Completeness of Vision — Gartner’s Magic Quadrant

Last week as we kicked off our annual product strategy plans, we spent some time reviewing our vision for the next 1, 3 and 5 years. In preparation to that, we reviewed our existing position in the Gartner’s Magic Quadrant.

I want to share some of my observations and highlight areas product managers must keep a keen eye on.

For most product managers’, Ben Horowitz’s Good Product Manager/Bad Product Manager is sacred like the Bible. And so is for me. The very first paragraph by Ben is the following:

Good product managers know the market, the product, the product line and the competition extremely well and operate from a strong basis of knowledge and confidence. A good product manager is the CEO of the product. A good product manager takes full responsibility and measures themselves in terms of the success of the product. The are responsible for right product/right time and all that entails. A good product manager knows the context going in (the company, our revenue funding, competition, etc.), and they take responsibility for devising and executing a winning plan (no excuses).

I strive to abide by this advice to justify my job as a PM. And one of the many tools is Gartner’s Magic Quadrant. It positions you within your specific market and gives you a wide-angle view of the relative positions of the market’s competitors.

This is how the quadrant is structured:

If you observe the graphic below, Magic Quadrant considers vendors who fall between high growth and maturity, which also means that they are well differentiated in the competitive space.

Magic Quadrants use standard criteria in two categories:

  • Ability to execute
  • Completeness of vision.

Though I do not want to deep dive on all aspects of the quadrant in this post (will write a separate post on that), I would like to focus on the X-axis, which is Completeness of Vision (in technology, viability, services, features).

As a PM, one must strive to have the highest degree of confidence in the completeness of vision of his product. If his vision is blurry, the success of his product is improbable.

Here is what Gartner includes in the Completeness of Vision:

  • Market Understanding: The ability of a vendor to understand buyers’ needs and translate these needs into products and services. A vendor that shows the highest degree of vision listens to and understands buyers’ wants and needs, which it can then shape or enhance with its vision.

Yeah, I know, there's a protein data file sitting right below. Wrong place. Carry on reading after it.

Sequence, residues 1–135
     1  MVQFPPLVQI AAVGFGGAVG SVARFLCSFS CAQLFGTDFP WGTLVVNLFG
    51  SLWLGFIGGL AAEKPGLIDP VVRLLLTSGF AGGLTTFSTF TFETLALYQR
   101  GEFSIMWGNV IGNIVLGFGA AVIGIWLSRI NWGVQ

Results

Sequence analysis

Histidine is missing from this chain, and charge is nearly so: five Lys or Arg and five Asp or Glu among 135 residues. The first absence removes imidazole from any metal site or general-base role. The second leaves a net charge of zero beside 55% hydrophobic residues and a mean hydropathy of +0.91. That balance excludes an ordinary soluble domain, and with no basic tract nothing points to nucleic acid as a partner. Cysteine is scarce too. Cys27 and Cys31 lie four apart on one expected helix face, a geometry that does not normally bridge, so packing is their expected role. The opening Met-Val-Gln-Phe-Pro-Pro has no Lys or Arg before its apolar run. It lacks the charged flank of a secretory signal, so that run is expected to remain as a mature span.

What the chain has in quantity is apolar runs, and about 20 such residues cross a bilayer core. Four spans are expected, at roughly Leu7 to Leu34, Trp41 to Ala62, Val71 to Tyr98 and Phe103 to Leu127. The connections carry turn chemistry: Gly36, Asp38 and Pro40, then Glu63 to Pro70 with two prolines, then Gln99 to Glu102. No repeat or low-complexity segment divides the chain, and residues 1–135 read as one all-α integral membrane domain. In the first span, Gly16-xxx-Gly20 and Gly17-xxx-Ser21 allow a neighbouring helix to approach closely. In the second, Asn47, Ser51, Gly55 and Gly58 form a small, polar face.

• Marketing Strategy: A clear, differentiated set of messages consistently communicated throughout the organization and publicized through an online presence, advertising, customer programs and positioning statements.
  • Sales Strategy: A strategy for selling products that uses an appropriate network of direct and indirect sales, marketing, service and communication affiliates to extend the scope and depth of a vendor’s market reach, skills, expertise, technologies, services and customer base.
  • Offering (product) Strategy: A vendor’s approach to product development and delivery that emphasizes differentiation, functions, methodology and feature set in relation to current and future requirements.
  • Business Model: The validity and logic of a vendor’s underlying business proposition.
  • Vertical Industry Strategy: A vendor’s strategy to direct resources, skills and offerings to meet the needs of market segments, including industries.
  • Innovation: Marshaling of resources, expertise or capital for competitive advantage, investment, consolidation or defense against acquisition.
  • Geographic Strategy: A vendor’s strategy to direct resources, skills and offerings to meet the needs of regions beyond its “home” or native area, directly or through partners, channels and subsidiaries, as appropriate for that region and market.

For a PM to have absolute completeness of his vision, he should strive to gain information on each of the above aspects laid by Gartner. This became our foundation to plan the visioning exercise and plan our future roadmap. We spent some time gathering all the relevant information scattered across departments for each areas identified under Completeness of Vision and brought them together to make sense holistically. This gave us the necessary context and insights to be able to plan our future vision.

Please let me what are the best practices you use for planning your product strategy in your organization.

Building nextgen real estate platform at PriceHubble & podcaster at productlessons.com. I blog about products, business around products, and growth strategies.